When you’re cooking on top of the stove, always match the size of the pan size to the size of the element or burner. For example, a 6-inch pan on an 8-inch burner will waste over 40 percent of the heat produced by the burner, according to the ACEEE.
Cooling: Do your family members like to hold the refrigerator door open while they look for something to eat? Letting all that cool air out can really raise your energy costs. A simple fix: Remind everyone to stop holding the door open while they’re pondering their next meal.
Also, once dinner is over, let your leftovers cool a bit before putting them into the refrigerator so it doesn’t have to work harder cooling hot food. Just don’t leave food out for more than two hours because bacteria can start to grow. And cover any liquids you put into the refrigerator so they don’t release moisture into the refrigerator, which also makes the appliance have to work harder to maintain the temperature.
Dishes: If your electric company offers lower rates at night, take advantage of that by timing your dishwasher to run when rates are lower.
Laundry: “The best way to save energy in the laundry room is to use the highest spin speed available on your washer,” says Rich Handel, who oversees CR’s washer tests. “That shortens the drying time by removing more moisture.”
Other ways to make your dryer more efficient: Clean the lint screen before every load to improve air circulation. And wipe off the dryer sensor (usually somewhere in the drum) periodically, especially if you use dryer sheets, which can leave a residue that interferes with performance.
Always use the sensor to tell when a load is dry, rather than setting a time. “Moisture sensors are better at detecting dryness, and they promptly end the cycle," says Handel. "That saves energy and is also easier on fabrics.”
Find and Fix Leaks
One of the easiest things you can do to save water is to check for leaks and fix the simple ones. If you need to call a plumber, though, take the proper precautions before you let someone in your house.
Toilets: Typically, toilets begin leaking when the toilet flapper or valve seal becomes old or worn out. To check, put some food coloring in the toilet tank and wait 15 minutes to see whether color shows up in the toilet bowl. If it does, you can order a replacement flapper or valve seal online at home improvement stores to fix the leak.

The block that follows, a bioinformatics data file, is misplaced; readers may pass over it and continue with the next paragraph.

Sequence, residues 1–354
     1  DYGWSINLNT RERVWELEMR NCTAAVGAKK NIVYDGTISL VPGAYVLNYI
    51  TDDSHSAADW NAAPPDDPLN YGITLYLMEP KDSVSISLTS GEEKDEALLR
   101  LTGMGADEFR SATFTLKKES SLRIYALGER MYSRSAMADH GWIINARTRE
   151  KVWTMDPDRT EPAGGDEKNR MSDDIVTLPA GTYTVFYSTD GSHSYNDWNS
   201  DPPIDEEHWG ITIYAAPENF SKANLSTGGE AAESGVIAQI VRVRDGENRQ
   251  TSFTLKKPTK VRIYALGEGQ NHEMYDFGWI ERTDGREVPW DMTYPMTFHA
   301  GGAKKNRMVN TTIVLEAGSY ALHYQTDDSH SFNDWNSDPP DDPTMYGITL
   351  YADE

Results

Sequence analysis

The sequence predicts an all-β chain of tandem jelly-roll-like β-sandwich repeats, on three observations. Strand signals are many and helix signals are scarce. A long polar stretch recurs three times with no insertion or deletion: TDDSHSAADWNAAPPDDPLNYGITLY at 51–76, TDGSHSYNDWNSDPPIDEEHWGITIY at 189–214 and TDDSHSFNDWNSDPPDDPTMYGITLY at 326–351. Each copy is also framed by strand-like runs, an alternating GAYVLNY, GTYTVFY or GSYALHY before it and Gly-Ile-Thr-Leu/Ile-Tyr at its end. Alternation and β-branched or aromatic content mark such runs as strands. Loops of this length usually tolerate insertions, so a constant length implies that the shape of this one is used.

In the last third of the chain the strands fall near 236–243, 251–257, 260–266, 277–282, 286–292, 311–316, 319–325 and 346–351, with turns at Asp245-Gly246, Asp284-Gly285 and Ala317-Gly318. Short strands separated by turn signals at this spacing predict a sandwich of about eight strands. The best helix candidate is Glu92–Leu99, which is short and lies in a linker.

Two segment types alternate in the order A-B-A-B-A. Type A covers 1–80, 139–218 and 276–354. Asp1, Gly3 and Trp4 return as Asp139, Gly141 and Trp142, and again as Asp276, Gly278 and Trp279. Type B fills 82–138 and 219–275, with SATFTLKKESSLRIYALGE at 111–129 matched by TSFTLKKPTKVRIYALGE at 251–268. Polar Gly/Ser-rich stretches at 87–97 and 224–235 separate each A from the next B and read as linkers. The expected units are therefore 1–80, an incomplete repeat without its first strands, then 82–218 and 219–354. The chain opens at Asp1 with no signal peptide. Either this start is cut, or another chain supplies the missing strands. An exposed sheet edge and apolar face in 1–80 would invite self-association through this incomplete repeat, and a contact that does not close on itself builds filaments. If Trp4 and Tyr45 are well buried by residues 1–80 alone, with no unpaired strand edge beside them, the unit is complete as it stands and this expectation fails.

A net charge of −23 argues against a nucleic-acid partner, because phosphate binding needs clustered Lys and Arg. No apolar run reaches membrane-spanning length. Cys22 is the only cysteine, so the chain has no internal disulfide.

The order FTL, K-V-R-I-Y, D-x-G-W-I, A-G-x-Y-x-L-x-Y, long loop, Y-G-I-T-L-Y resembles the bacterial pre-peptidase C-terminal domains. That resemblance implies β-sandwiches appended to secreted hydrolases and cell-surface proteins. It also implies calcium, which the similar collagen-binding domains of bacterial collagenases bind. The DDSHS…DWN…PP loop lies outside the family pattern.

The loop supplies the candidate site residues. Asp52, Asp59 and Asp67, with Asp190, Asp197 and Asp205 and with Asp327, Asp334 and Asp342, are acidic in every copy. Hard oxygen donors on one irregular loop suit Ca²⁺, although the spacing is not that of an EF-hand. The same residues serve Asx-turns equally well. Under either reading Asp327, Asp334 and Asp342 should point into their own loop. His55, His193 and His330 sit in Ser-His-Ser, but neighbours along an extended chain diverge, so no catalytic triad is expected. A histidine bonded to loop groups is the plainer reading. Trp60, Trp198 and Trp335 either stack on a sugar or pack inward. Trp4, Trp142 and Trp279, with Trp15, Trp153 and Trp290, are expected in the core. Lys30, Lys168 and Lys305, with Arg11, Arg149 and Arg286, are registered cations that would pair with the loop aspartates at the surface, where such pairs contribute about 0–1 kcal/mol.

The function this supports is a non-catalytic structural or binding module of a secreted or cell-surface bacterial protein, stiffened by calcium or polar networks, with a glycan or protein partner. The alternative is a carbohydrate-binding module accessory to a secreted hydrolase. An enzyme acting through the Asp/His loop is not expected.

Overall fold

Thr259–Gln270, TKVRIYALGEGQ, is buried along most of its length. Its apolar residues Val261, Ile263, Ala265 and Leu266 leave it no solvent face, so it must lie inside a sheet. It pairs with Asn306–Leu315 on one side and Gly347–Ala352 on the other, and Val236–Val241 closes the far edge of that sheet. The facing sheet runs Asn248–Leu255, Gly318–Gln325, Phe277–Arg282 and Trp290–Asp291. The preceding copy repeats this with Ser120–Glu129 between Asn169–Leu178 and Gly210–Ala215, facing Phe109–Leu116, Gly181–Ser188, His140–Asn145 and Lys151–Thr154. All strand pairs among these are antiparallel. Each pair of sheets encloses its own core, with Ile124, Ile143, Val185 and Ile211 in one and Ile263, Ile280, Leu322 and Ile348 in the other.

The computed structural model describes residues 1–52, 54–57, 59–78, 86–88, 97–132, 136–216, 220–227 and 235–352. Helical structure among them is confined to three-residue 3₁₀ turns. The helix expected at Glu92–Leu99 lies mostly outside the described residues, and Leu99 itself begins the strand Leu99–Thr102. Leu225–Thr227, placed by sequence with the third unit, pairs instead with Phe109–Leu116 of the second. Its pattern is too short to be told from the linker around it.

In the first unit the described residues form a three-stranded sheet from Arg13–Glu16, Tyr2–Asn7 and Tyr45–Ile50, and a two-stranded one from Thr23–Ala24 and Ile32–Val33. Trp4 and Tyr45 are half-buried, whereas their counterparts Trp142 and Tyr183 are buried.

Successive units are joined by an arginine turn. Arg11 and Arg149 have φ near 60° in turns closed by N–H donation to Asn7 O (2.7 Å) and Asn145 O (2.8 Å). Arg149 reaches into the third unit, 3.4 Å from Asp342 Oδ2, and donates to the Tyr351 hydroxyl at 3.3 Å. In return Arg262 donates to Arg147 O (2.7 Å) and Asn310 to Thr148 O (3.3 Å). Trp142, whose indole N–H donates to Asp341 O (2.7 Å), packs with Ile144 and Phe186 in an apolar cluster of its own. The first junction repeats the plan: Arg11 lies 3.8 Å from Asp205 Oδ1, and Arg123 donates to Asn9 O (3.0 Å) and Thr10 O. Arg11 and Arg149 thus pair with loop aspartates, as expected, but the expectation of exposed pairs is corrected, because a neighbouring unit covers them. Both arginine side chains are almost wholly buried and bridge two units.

Faucets: Old and worn washers and gaskets are frequently the cause of faucet leaks. This is a simple fix but before you get started, turn the water off under the sink. Faucet washers cost pennies and you can buy them online. If you’re not sure what to do, you can find how-to videos on YouTube.
Showerheads: Make sure there is a tight connection between the showerhead and the pipe stem, which is often where leaks occur. To make a tighter connection, you can wrap Teflon tape around the showerhead pipe and then screw it into the pipe stem. You may also need to replace the washer.
Outdoor faucets: Check your garden hose for leaks at the connection to the spigot. If it leaks, try replacing the washer to ensure a tight connection to the spigot.
Save Water Around the House
If you're normally out of the house most of the day, you're likely using more water just in your daily routine now. Try making the following small adjustments to conserve water.
Showers: While you could probably use a long, relaxing bath every night during these stressful times, showers use a lot less water. Limit them to 5 minutes if possible, and turn off the shower when lathering up or shampooing.
Faucets: At the sink, turn off the faucet when you’re brushing your teeth or shaving instead of leaving it running.